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The Tool Page: An Article

Publication: Beat Magazine

Date: April, 1997

Transcribed by
Dan Steadman (flood@peninsula.starway.net.au)


  page: 
 title: 
author: Jack Reynolds

(All mistakes are his, not mine)

Tool, Shihad

Festival Hall

The Tool concert began in seemingly innocuous fashion. Hyped as including
support such as the Butthole Surfers, Skunk Anansie and Sprung Monkey,
Tool were preceded only by New Zealand band Shihad. However, Shihad were
quite impressive with their new material, suggesting that their recently
released album may be worth a listen. 

However, soon enough, indeed much earlier than one would expect, the
legions of Tool fans got what they had come for. The Los Angeles quartet
took to the stage and lead singer Maynard James Keenan, replete with blue
body paint, fixed the audience with an impervious stare before launching
into their epic "Third Eye". For a few minutes, I was unable to appreciate
the sheer brilliance which was about to befall me. Writhing pushing bodies
necessitated a safer vantage point. Once there, I was gradually consumed
by the show. 

The genre defying geniusness inherent in their albums was easily
transferred to the live format. Drawing from all three albums, although
mainly their latest "Aenema" (sic), their extensive repertoire meant weak
spots didn't exist. "Stinkfest" (sic) and new single "46 & 2", were
greeted with predictable euphoria. "46 & @" in particular, is an amazing
live song although so too are the diverse and often subtle refrains of
"Eulogy".  However, it wasn't merely the new songs which got the response.
Their oldest contribution to the set was "Opiate" from the EP of the same
name and the vast majority of the crowd seemed to recognise it. Tool
certainly encourage the committed fan. Indeed keen to experience the power
of the band close hand, I had arrived some 40 minutes before gates opened
but nearly 1000 people were already there and tickets were being scalped
for $100. It was also impossible not to notice the huge number of Tool
T-shirts in the audience. 

However probably the first thing one noticed on seeing Tool live is just
how good a singer Keenan actually is. Recording studios seem to be able to
make anyone sound passable but Keenan actually is. Recording studios seem
to be able to make anyone sound passable but Keenan sounds as good live,
if not better, than he does on their albums. It is also easy to think that
drummer Danny Carey is simply better than average. In an extended
interplay with his rhythm section fiddling with various distorted sounds,
Carey stakes a claim to being one of the best drummers in the world. As
for songwriting, the fact that this 20 odd minute interplay rarely lapsed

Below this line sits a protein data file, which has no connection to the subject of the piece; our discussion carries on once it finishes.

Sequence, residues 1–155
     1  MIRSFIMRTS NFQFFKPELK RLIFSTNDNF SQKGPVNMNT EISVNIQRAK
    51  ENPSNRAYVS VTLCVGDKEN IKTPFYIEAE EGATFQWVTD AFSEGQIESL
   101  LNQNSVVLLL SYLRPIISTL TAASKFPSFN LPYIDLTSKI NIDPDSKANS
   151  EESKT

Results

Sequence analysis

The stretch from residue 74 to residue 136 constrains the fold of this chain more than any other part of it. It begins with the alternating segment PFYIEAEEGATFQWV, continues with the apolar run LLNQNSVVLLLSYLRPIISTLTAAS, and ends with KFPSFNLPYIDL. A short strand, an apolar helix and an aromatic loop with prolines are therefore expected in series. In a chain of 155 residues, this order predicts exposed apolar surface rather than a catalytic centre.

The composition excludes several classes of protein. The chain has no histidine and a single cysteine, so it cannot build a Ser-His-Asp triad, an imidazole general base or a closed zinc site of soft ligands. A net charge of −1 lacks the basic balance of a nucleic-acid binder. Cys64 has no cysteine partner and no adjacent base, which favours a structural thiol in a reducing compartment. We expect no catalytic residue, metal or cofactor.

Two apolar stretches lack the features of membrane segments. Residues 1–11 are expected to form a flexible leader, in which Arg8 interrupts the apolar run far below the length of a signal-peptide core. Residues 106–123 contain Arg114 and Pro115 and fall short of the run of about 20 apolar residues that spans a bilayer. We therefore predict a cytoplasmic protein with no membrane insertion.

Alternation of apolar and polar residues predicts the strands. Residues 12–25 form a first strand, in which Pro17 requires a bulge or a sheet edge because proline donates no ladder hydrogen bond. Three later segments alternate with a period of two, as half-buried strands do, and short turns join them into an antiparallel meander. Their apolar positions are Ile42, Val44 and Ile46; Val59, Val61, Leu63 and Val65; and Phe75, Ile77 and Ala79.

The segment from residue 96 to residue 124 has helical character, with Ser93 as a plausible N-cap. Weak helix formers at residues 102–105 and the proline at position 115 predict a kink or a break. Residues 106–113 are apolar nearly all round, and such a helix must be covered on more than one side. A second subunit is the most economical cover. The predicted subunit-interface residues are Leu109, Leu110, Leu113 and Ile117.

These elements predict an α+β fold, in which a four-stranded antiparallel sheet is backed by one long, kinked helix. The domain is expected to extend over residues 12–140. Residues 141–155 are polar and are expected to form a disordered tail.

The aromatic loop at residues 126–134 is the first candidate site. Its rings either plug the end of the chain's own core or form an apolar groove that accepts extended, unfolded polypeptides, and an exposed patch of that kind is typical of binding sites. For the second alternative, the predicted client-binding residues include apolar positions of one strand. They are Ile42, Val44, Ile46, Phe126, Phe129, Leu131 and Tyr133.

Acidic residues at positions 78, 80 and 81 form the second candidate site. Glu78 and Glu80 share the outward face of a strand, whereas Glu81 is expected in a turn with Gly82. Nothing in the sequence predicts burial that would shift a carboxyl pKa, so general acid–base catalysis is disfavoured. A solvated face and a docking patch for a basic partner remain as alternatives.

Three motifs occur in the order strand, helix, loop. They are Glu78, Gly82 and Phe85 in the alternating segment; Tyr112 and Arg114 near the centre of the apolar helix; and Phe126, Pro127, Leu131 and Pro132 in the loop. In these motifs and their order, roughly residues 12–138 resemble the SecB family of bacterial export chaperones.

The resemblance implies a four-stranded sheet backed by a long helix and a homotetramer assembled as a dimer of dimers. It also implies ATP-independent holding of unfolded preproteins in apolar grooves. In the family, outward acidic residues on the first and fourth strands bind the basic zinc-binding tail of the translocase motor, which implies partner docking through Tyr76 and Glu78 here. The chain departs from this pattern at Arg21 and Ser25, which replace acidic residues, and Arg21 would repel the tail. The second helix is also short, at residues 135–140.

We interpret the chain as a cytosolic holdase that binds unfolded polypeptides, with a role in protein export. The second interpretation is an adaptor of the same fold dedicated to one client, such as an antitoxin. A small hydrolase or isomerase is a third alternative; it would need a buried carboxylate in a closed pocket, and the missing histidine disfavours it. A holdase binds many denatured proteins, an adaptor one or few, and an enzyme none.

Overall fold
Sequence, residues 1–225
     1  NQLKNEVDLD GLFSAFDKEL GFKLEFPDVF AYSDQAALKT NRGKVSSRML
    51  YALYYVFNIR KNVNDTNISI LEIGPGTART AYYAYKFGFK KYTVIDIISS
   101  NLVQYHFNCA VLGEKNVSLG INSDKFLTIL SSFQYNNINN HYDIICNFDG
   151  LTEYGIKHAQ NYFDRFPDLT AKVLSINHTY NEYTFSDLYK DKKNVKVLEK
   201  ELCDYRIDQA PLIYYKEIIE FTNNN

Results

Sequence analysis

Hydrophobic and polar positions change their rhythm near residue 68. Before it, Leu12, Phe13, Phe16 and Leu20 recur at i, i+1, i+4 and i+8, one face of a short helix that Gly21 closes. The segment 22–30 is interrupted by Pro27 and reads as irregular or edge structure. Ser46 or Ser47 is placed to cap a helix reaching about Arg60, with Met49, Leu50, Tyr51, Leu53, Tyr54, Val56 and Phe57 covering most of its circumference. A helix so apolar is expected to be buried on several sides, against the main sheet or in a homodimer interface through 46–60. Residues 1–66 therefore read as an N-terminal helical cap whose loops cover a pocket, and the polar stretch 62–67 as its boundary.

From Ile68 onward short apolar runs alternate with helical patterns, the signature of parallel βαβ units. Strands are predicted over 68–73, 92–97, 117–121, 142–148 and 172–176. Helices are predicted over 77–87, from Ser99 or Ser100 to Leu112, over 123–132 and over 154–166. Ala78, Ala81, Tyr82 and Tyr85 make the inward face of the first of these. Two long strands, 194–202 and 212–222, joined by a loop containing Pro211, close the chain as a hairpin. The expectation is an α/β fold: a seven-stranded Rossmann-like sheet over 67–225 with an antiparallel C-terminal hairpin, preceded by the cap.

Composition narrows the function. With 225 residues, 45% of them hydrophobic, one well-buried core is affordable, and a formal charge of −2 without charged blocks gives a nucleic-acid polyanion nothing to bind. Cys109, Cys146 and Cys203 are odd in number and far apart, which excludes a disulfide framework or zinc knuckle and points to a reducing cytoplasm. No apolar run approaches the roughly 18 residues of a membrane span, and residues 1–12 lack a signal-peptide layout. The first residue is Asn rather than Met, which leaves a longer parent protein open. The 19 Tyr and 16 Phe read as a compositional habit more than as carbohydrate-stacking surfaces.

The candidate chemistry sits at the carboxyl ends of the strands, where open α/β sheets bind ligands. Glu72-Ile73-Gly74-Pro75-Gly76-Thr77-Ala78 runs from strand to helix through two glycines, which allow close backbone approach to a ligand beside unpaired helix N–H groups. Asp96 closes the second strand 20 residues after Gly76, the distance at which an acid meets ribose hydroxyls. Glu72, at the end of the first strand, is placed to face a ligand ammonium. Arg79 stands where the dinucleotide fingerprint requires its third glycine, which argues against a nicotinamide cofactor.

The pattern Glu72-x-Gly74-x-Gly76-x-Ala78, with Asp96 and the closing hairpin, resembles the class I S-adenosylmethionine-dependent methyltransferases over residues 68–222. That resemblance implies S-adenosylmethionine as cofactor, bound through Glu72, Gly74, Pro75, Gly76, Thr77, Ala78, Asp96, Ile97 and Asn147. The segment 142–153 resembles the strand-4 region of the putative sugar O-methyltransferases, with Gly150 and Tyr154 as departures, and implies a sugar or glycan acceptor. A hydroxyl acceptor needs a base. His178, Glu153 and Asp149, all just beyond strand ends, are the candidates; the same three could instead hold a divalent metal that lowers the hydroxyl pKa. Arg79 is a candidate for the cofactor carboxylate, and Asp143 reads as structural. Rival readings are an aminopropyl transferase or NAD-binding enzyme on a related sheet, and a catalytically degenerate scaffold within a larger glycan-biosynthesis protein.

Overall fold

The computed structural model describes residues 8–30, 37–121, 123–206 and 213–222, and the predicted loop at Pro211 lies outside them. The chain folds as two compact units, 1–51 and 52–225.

into tedium says enough. 

With the quality of this songwriting, the bizarre film clips accompanying
each song (including one featuring elephant's copulating) and an
unbelievably great mix for Festival Hall, it was easy to be seduced. 
However, my seduction derived from more of this. It was helped by an
intangible sense of authenticity which surrounde the whole proceedings.
The enigmatic Keenan probably bears much responsibility for this. He said
nothing for several songs before deeming it worthy to utter "Melbourne". 
However, despite their repeated insistence that Scientology sucks and
California should be destroyed, it quickly became clear that this band
actually have something intelligent, and eminently serious, to say.
Keenan's passionate lyrics are exemplified on stage, and his musings which
often very on philosophical, are given dramatic form. He warns us that
"Pushit" is not about violence but an attempt to encourage compassion for
others rather than ignorant fear. But then it was not so much what he was
saying but the conviction and honesty behind it which was captivating. His
vision seems to have found the perfect conduit in the power of Tool.
Here's hoping this union persists for years to come, for based on its
expression at Festival Hall, Tool can comfortably be regarded as one of
the best live bands in the world. 


[another review, same issue] author: Varla Udege Offshore Festival Torquay Easter 1997 For a potato farmer from down south, Simon Daly really knows how to look after fans of outdoor festivals, with his inaugural Offshore Festival prving a winner of an event. With a beautiful farm to camp on, an army of free buses, a strong line-up of bands and excellent surfing conditions for the Bells Classic, a better Easter weekend could not be had literally anywhere else in Australia by the young surf and music fan. The 8,000 punters who attended Offshore were treated to a masterful performance by headliners Tool, as Maynard Keenan writhed his way through Tool's epic set. Looking like the protagonist from the Stinkfest (sic) clip, Keenan put in an astounding show. Silverchair proved themselves serious contenders with a sound that has filled-out considerably over the past couple of years. Johns even smiled occasionally. The Mark Of Cain's powerful Helmet/Rollins inspired riffs were simply awesome while strong performances were also put in by the fire-breathing boys from Blink 182, Def FX (with Fiona Horne looking spectacular), The Living End, Grinspoon and Snout as Offshore worked itself through the Easter weekend. A reliable source has informed us that preparations are well under way for a bigger and better Offshore Festival for nezt Easter. We'll keep you posted. (I think Beat printed this review after a number of critical letters were recieved over the previous Offshore review they printed a couple of weeks back. The reviewer didn't really talk about the bands much, instead warbling on about his weekend. His final comment was something to the effect of "I thankfully fell asleep before Tool came on." Prat. And why do Beat keep on printing Stinkfist as Stinkfest? There's a story there.. -D)

Posted to t.d.n: 05/01/97 16:34:25